Spring is officially here, and to celebrate the first day of nature’s annual renewal, I took a field trip out to a farm. Only I didn’t leave the city. At the end of the E and F subway lines and a quick hop eastward on a bus lies the Queens County Farm Museum, the oldest continually farmed tract of land in the city, and now the site of a renewed agricultural program that’s growing still. But unlike Stone Barns or similar close-to-urban country idylls, entrance to this farm is free.
colorful roosters sunning on a lawn
It might be a far cry from the aforementioned upstate farm in scope, but the humble farm in Queens is on its way to becoming what Agricultural Director Michael Grady Robertson described as a more “blue collar” Stone Barns. As described in a recent New York Times article, Queens County Farm Museum has undergone major transformations in the past year that’s hoisted it from a mere historic landmark and barnyard animal petting zoo to a viable farm producing sustainable crops and humanely raised meat, which are sold at the Greenmarket. The farm was originally built in 1697 as a family farm. Since then it’s withstood wars, fended off development and has survived the virtual flight of farming in New York City proper.
the farmhouse’s kitchen hearth
the circa-1697 house
One can appreciate both the farm’s past and future while touring its 47 acres. The old farmhouse, which has been restored to its 1855 appearance, offers a glimpse into 19th-century life (humbling for all those complaining about poorly equipped studio kitchens). The old-fashioned candies and other souvenirs of “simpler times” found in the gift shop are now accompanied with fresh eggs from the cage-free hens down the path ($4 a dozen). Over by the greenhouses, well-tended micro salad greens sprout from the soil in their cold frames, concrete plant beds with fiberglass tops that are closed whenever frost might threaten. This week, the baby beet greens, spinach and frisee are looking particularly fetching. Robertson explains that these sort of lettuces can only be picked a few times before they’re done for the season, and a grass-like “cover crop” will go in the beds to nurture the soil before they house their next plants.
spring lettuces grow in cold frames
some just-picked baby beet green plants
At one of the animal pens, visitors rub the big belly of a spotted pig from behind a short fence. At eight months old, the hog is already 250 pounds of pork (the average lifespan of a commercially-raised pig is considerably less, often slaughtered at 4 months). But in a few days, Robertson tells visitors while covering the pig’s giant, flopping ears, the pig will be sent to the slaughterhouse. (And consequently provide the farm’s Greenmarket stand with its spring supply of pork cuts and sausages.)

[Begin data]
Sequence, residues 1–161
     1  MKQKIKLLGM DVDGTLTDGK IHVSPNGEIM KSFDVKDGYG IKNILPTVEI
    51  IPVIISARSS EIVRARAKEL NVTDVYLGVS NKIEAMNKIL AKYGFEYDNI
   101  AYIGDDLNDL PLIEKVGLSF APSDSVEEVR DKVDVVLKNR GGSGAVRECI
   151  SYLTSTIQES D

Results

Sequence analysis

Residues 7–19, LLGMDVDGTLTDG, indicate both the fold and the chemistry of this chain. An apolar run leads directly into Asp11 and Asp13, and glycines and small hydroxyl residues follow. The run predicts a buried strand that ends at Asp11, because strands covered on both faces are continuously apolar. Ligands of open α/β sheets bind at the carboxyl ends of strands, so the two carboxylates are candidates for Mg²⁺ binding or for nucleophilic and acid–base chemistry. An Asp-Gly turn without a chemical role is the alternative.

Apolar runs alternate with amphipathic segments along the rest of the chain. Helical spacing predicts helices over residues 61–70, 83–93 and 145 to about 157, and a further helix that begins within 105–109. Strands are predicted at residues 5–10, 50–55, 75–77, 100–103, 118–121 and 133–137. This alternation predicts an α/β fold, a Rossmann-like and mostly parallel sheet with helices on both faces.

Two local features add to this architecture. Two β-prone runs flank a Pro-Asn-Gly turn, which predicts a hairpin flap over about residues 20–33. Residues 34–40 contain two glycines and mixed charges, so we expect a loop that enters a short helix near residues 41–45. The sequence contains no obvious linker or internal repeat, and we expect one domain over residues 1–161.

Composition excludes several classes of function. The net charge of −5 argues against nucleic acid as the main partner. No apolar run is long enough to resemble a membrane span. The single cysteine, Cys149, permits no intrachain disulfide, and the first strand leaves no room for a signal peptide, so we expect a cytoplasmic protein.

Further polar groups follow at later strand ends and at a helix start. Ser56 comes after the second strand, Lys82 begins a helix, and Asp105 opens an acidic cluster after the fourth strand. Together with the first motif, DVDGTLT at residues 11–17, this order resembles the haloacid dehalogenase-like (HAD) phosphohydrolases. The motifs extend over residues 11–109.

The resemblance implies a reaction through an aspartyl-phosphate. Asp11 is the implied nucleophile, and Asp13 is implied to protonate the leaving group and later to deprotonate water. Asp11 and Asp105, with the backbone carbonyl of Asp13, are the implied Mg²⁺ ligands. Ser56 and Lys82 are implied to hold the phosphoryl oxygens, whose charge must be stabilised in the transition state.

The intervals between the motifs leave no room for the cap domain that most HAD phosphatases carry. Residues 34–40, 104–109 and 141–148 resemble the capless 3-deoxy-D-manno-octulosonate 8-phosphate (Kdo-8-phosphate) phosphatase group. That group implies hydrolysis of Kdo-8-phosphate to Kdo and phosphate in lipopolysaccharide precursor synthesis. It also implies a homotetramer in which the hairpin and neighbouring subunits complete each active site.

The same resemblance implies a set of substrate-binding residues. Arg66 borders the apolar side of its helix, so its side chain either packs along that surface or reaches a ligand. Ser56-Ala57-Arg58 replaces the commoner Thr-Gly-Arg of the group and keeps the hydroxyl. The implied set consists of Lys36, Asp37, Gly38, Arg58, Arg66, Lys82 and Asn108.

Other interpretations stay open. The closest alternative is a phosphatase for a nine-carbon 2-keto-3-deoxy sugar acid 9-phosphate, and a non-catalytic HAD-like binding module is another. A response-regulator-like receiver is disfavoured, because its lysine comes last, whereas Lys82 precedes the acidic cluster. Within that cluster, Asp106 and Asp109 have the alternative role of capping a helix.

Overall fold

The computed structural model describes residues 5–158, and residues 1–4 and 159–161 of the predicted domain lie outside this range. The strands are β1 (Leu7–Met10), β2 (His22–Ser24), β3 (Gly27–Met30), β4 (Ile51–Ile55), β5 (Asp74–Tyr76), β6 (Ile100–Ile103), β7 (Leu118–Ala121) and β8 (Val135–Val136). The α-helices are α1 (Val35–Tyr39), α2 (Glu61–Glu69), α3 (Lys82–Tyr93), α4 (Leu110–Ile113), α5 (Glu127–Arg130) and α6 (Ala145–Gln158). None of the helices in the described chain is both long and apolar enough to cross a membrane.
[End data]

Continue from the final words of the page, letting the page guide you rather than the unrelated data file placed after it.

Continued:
“Aw, I better not get attached to him,” says one visitor.
This kind of lesson is everyday life on a farm. The pig seems less inclined to follow it, though. Robertson hops out of the pit and the Old Spot, yearning another pat, follows him along the fence. “Let those people pet you,” Robertson tries to direct him. The pig drops his head. I lean over the fence and give the coarse-haired creature a rub under the ears.
a friendly spotted pig warms up to visitors
the first egg of a new chicken flock
A new-ish flock of Rhode Island Reds has just produced its first egg on the day I visit. The brown, small-ish (I’d say “medium” if I were buying a carton of them at the supermarket) egg sits lukewarm atop wood chip-strewn nests in the chicken coop. In another few weeks, this group of roughly 100 birds will start producing some 80 eggs each day. A few pens over, another flock of Rhode Island Reds are slightly older, and more accustomed to human contact. Eager to inspect their intruder, the chickens gather in the pen outside their coop to swarm me, pecking at my boots.
chickens and me
Ducks, geese, goats and more pigs occupy several more patches of land along the farm. There is a lone brown cow that looks to be the grizzled great-grandmother of all cows. And that was pretty much my tour. I’ll admit that most visitors aren’t really supposed to walk into chicken pens, or necessarily get to interview the farm’s agriculture director, so food blogger perks are on display in this post. And okay, I didn’t really take the subway to the bus to get there, but received a ride to the farm at the mercy of a friend. Please take my apology if the chicken coop part was misleading (not that everyone wants to get pecked by a bunch of hens). I can assure, however, that you’ll have plenty to soak in at this historic, and still-evolving farm in Queens. Plus, hayrides. I didn’t get to go on one of their famous weekend hayrides.